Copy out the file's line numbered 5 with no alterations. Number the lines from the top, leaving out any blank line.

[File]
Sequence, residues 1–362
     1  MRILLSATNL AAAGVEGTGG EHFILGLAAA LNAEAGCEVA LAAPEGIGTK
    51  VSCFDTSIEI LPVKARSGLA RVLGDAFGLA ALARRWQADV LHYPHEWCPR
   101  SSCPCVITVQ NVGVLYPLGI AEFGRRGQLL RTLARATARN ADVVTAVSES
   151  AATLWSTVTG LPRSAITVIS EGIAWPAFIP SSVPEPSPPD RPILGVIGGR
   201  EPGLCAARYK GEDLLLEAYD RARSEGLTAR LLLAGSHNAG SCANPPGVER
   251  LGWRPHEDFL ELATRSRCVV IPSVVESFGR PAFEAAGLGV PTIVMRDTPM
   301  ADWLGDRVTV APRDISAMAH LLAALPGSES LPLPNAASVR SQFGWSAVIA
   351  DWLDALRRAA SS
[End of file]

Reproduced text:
   151  AATLWSTVTG LPRSAITVIS EGIAWPAFIP SSVPEPSPPD RPILGVIGGR